Loosen the wheel nuts


If you have hubcaps then obviously you need to take these off first. These should just pop off with a screwdriver.


Once the car is in position and the brakes are on, before you do anything else, pull out your wheel spanner and loosen up the wheel nuts on the wheel you’re changing. Do this before you jack up the car because the ground is better than your brakes for preventing the wheel from spinning freely.


Make sure you’re using the correct size wheel spanner/socket for the nuts you’re using.


You’re most likely problem with nuts is when they’re super tight. Most mechanics these days will use high powered air ratchets to remove and tighten nuts.


The simplest way to fix this is to use a breaker bar. This is basically just a very long thick socket extension that will give you umpteen times more rotational force. Failing this a nice piece of solid pipe will work. Slide the pipe over your wheel spanner arm, or your regular sized ratchet to again increase your rotational force.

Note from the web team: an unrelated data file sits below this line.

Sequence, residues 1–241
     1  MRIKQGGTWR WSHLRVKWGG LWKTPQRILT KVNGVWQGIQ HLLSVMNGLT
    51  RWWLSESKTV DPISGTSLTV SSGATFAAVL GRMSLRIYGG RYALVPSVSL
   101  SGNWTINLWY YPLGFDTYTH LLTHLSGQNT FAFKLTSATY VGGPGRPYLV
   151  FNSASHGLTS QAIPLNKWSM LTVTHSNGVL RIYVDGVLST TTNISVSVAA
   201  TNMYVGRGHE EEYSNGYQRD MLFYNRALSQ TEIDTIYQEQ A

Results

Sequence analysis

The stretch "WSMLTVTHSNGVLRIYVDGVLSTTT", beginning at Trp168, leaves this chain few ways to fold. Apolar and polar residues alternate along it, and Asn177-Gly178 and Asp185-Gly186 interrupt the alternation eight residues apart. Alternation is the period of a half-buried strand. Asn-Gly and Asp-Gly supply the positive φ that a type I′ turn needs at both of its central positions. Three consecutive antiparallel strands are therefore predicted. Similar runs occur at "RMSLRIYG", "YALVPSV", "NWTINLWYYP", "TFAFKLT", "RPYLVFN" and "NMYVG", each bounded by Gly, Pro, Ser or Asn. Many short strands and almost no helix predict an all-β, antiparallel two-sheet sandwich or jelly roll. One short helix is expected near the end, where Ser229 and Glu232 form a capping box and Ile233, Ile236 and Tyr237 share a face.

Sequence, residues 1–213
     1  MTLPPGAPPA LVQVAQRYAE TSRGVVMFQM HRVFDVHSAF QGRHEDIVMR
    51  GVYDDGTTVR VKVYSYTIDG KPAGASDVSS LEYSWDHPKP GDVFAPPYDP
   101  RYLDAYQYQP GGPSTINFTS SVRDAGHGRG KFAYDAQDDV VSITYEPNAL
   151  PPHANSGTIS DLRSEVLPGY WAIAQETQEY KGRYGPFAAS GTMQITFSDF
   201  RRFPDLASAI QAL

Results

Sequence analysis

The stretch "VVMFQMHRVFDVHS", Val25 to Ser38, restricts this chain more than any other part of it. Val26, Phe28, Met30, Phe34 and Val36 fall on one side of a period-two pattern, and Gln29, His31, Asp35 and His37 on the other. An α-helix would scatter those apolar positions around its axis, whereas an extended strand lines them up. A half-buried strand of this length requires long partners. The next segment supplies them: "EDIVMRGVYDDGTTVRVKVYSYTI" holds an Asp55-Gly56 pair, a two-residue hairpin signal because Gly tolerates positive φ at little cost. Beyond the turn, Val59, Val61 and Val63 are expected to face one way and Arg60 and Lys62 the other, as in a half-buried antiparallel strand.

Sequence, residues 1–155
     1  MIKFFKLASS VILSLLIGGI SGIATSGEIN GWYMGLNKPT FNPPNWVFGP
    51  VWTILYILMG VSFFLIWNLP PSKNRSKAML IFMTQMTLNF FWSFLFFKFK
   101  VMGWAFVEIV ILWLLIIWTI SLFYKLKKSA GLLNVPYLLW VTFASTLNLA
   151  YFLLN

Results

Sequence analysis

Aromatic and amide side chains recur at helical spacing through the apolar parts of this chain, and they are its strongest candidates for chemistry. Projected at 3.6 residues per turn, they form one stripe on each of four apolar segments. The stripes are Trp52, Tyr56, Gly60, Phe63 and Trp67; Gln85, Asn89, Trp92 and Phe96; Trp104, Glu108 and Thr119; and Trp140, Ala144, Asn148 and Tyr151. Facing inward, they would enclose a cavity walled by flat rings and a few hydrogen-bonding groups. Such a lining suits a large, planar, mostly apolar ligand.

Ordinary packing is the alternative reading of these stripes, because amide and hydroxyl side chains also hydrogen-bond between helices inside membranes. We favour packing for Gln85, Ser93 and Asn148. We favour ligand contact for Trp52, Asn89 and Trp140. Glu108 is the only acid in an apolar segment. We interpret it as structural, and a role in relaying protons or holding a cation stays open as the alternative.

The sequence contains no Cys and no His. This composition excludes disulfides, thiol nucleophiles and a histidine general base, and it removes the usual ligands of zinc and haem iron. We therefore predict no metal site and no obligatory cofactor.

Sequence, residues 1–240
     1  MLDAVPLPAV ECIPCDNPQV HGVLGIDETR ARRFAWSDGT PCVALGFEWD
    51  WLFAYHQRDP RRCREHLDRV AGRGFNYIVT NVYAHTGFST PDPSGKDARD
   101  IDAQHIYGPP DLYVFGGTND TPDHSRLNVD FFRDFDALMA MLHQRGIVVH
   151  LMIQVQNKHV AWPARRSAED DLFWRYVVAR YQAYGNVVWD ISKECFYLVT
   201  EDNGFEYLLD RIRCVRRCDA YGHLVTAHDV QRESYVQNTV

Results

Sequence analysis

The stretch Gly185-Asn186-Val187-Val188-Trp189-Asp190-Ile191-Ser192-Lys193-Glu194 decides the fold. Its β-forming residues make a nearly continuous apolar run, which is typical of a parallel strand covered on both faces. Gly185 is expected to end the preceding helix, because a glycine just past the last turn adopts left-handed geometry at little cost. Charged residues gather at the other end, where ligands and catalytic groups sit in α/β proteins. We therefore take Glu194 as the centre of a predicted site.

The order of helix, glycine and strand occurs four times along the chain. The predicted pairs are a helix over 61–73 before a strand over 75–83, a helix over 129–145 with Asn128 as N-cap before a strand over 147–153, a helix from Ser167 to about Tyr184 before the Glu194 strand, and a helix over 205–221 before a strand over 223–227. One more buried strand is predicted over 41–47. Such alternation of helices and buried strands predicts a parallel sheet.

My advice is avoid using your foot to undo the nut, you’re more likely to injure yourself or break something, then you’ll be up the creek. Instead mount the ratchet so that you’re rotating away from the earth, keeping your back straight lift up with both feet in a comfortable position and be prepared for when you first crack the nut, because it may suddenly give way and send you flying, especially if it’s quite tight/dry/corroded or all of the above.


Remember, clockwise to tighten, anticlockwise to loosen the nut.


Once those nuts are loose, leave them up finger tight (as tight as you can get them using only your fingers).